The Department has an active undergraduate research mentoring program in which undergraduate students work on a research project with a faculty member and are mentored by one of that faculty member’s graduate students.
Link to the list of graduate student mentors with research opportunities. Additionally, please email us (firstname.lastname@example.org) if you are interested in chatting with a grad student from the department. Conversations range from environmental science research, grad school, career fields, and science in general!
Goals of the Environmental Sciences Department Undergraduate Research Mentoring Program:
- To encourage involvement of undergraduates in original scientific research.
- To expose undergraduates to the development and investigation of scientific questions outside the classroom.
- To provide valuable assistance to graduate students with field and laboratory research.
- To allow graduate students to gain experience with advising and instructing on an individual basis.
- To bridge the gap between undergraduates and graduate students by encouraging interaction through active science.
The undergraduate research mentoring program seeks to connect undergraduate students who are interested in gaining experience with scientific research in the environmental sciences with graduate students who can provide those opportunities. Undergraduate students may either 1) assist a graduate student with an existing research project or 2) develop their own research project under the guidance of a graduate student. Due to the varied nature of student interests, research projects, and graduate student needs there is no single prescribed format for the research program or the mentor-mentee relationship. The undergraduate student often receives academic credit for their work (see below) although volunteering–especially for shorter-term research experiences–and employment are also possible outcomes. The skills and relationships developed through assisting a graduate student with their work often serve as a gateway to developing an independent research project for a senior thesis or the Distinguished Majors Program (see above).
Fall 2020 Programming
We will be continuing our COVID-19 programming into the fall semester. Online learning, plus limited lab and field work available to undergraduates will make this fall semester challenging for everyone. However, we can still connect undergraduates with remote work. We recognize that there are a variety of priorities that you may have at this time, we still want to offer undergraduates opportunities for continuing engagement with our department and our research.
One-on-one research consultations: We will be offering personal consultations for anyone who wants a one-on-one mentoring session. Along with listening and learning from you about your interests in research and Environmental Sciences, we can offer personalized guidance on how to make the most of your goals for this semester. These sessions are 30-45 minutes: sign up here.
Fall Career Panels: This fall we will be working with the UVA Career Center to host three career panels. We will have a panel for three different job sectors: consulting, non-profit, and government/policy.
SELECTING A MENTOR
Interested undergraduate students should browse the list of graduate students who are seeking students to find the mentor who best fits their interests. Then, use the provided information to contact that person directly to further discuss research opportunities. This discussion should clarify the nature of the research and the mentor’s needs as well as begin to flesh out what the mentor and mentee can expect from each other. By the conclusion of or shortly after this discussion the undergraduate and graduate student should decide whether to work together, forming a mentoring team.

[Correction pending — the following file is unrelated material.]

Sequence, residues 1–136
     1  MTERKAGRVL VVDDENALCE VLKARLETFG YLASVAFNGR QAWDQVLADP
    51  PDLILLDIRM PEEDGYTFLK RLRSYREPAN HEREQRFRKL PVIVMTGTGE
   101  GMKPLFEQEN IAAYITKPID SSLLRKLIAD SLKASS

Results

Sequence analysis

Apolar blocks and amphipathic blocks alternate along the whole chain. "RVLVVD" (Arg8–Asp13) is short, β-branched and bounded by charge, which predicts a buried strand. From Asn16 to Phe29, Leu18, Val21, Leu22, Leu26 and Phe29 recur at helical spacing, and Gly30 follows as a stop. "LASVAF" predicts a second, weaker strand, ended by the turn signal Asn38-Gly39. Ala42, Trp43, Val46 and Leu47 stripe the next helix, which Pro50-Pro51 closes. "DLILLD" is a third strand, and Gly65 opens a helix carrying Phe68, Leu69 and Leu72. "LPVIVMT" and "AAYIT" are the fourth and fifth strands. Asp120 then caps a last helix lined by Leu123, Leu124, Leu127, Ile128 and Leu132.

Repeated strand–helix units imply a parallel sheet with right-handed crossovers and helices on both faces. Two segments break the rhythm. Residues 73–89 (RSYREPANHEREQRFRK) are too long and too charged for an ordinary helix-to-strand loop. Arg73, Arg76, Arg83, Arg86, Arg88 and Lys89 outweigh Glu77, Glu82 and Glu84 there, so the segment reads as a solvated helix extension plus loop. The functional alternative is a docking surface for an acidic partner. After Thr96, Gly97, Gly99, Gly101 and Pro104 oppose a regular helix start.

RECEIVING ACADEMIC CREDIT
Academic credit, though not a requirement of the program, may be assigned, typically under EVSC 4995 Supervised Research. EVSC 4995 Supervised Research is undertaken by a student involved in the activity of research. The acquisition of new knowledge may arise from developing and applying some skills of observation or analysis. The student may learn a new analytical method or tool for data analysis. The student may collect or analyze samples or data. The student should know enough about the topic of the research to understand the context of the research activity. Menial tasks such as washing bottles or data entry, while an inevitable part of the practice of scientific research, should not comprise the majority of effort toward Supervised Research credits.
1–4 credit hours is recommended for each semester the undergraduate participates in the mentor program. To insure that academic credit is justified by an appropriate educational component, each credit hour should correspond 3–4 hours of activity per week. Receiving academic credit for Supervised Research also involves an end-of-semester written report, the extent and depth of which will depend on the number of credits taken.
After forming a grad student-undergraduate pair (the mentoring team), the pair should meet with the graduate student’s faculty advisor to discuss expectations and a tentative research plan. For academic credit to be awarded, this meeting must take place prior to the Add/Drop deadline for the semester. The faculty advisor and mentoring team will come to an agreement on the appropriate number of credit hours for the semester and set expectations for evaluating the student’s progress. The mentoring team should update the faculty advisor regularly throughout the semester, and the faculty advisor and the graduate student will meet at the end of the semester to evaluate the undergraduate student’s fulfillment of the goals and objectives established at the beginning of the semester.
Questions can be addressed to the Program Directors, Kate LeCroy, Elise Heffernan, and Clare Rodenberg, via email at email@example.com